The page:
We can’t be certain that the Otto Paul who created Lyzeum is indeed the sculptor Otto Paul Rost, but it is more than likely. Otto Paul is a fairly common pair of German names, the best known being the film actor Paul Otto Schlesinger (1878–1943), and there was also the artist Otto Paul Bredow (1874–1930) and the cartoonist Paul Otto Engelhard (1872–1924). However, we put our money on Rost, who was clearly a connoisseur of naked bodies.
Rost grew up in Döbeln, a town north-west of Dresden in German Saxony, and on leaving school was apprenticed first to a bridle-maker and then to a metal chaser in the Gustav Bühnert metalwork factory. In 1909 he went to the Kunstgewerbeschule (School of Applied Arts) in Dresden where he studied under Hugo Spieler, Richard Guhr, Johannes Turk and Karl Gross. In 1914 he went into military service, and fought in Lithuania against the Russians and later in Verdun against the French. In the autumn of 1918 he was taken as a prisoner of war in France, and released in November 1919.
From 1920 to 1923 he again studied in Dresden, specialising in sculpture. He became a member of the Dresden Artist Association and opened his own atelier, over the next few years taking part in exhibitions in Dresden, Berlin, Bremen, Düsseldorf, Cologne and Munich. In 1934 he was commissioned to create two large sculptures for the building of the Justice Department in Leipzig, and in 1938 he created the Grosse Kniende (Large Kneeling Woman), a sandstone sculpture still located on the bank of the Elbe in Dresden. In 1939 Rost became a teacher of sculpture at the Art Academy in Dresden.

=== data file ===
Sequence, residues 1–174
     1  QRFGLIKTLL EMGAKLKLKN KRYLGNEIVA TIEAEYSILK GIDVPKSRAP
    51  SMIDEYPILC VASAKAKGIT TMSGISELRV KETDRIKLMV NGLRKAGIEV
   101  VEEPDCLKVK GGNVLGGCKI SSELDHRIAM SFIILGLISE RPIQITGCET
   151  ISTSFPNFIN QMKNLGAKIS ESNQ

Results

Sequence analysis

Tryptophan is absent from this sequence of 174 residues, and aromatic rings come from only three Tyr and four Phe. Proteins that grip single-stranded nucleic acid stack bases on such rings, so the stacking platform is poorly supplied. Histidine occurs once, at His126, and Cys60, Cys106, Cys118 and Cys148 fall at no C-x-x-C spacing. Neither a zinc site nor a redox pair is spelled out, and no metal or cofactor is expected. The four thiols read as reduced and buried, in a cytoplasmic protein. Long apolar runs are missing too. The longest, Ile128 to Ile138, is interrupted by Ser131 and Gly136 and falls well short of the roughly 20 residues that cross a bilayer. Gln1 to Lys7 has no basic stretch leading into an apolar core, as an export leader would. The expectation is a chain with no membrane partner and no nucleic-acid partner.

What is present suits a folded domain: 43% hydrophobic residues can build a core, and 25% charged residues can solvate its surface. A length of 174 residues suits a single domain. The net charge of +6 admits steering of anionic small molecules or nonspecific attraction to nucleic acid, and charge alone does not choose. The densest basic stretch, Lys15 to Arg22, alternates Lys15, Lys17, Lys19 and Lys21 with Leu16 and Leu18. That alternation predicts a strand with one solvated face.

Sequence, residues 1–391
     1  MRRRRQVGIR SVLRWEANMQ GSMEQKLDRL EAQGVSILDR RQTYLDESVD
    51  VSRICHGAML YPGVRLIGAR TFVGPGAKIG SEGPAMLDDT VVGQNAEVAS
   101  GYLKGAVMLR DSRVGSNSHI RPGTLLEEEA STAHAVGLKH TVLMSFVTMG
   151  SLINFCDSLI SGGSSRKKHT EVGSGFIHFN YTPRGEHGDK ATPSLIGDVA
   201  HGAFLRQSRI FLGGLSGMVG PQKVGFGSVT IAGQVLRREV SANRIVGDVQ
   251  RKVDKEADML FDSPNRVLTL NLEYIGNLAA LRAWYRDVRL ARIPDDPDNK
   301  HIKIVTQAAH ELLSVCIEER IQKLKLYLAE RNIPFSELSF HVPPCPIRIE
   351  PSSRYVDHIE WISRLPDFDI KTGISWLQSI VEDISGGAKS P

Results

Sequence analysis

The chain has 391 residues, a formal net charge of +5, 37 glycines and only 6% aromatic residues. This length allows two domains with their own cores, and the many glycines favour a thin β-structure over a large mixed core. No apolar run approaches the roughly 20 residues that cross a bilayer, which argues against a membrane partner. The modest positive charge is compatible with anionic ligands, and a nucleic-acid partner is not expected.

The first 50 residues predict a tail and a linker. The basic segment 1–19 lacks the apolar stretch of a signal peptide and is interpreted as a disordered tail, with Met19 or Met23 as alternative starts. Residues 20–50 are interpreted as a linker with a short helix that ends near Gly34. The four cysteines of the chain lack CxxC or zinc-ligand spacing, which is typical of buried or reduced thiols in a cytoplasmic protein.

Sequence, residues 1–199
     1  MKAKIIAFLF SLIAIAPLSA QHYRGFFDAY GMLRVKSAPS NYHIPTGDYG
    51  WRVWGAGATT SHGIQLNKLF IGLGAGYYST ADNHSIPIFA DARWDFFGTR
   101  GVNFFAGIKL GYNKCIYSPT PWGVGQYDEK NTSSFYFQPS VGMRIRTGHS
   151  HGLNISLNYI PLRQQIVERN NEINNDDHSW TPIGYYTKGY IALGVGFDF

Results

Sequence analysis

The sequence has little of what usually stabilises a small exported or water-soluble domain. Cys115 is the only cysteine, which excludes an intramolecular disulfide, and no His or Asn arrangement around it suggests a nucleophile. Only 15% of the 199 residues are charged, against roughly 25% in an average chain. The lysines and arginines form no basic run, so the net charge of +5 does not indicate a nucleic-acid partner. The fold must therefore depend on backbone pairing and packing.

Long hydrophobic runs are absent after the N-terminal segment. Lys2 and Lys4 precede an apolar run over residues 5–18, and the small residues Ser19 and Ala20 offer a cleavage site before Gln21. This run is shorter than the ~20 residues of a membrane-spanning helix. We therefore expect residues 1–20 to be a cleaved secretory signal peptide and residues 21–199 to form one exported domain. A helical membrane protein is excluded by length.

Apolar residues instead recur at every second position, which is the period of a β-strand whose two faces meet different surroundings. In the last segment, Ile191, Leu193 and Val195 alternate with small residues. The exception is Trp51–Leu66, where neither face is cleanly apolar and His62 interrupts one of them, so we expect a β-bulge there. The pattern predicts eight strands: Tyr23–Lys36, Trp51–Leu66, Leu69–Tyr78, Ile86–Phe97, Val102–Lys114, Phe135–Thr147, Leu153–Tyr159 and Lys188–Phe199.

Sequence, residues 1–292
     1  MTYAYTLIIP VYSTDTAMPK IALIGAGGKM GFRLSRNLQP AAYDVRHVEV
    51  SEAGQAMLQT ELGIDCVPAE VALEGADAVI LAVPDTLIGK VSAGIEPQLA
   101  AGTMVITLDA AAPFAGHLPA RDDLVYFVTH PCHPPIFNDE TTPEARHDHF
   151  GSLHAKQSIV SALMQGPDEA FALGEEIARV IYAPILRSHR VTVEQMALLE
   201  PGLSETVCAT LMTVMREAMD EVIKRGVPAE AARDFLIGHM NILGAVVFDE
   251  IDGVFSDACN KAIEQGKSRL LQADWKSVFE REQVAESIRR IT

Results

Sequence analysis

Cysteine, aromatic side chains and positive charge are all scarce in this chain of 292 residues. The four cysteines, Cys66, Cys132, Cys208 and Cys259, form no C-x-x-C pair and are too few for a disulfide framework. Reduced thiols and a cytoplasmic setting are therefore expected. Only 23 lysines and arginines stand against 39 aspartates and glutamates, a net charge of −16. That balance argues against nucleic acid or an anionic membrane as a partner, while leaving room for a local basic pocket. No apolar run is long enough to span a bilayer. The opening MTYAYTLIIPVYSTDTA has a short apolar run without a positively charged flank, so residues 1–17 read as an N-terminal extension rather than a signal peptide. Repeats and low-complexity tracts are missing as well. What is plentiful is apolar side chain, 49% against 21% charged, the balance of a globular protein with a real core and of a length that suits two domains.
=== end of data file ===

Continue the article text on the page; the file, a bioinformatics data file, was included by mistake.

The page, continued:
Rost’s monumental sculptures, with titles like Junges Deutschland (German Youth), gained favour with the German authorities, and were regularly shown at exhibitions during the early 1940s. In 1945 however, shortly after the Russians occupied Germany, he was able to see new opportunities and created the Ehrenmal der Roten Armee (War Memorial for the Russian Army), which was erected at the Albertplatz in Dresden. As a result, the Russians commissioned Rost to create war memorials in Freiberg and Schwedt, and in Czechoslovakia and Poland.
In 1952 Rost created the Mauersberger Totentanz, a ten-metre long memorial relief for the Kreuzkapelle in Mauersberg. In the same year he created a copy of Diana for the roof of Humboldt University in Berlin, a replacement for one of the six original sandstone figures, created in 1749 and destroyed during the war.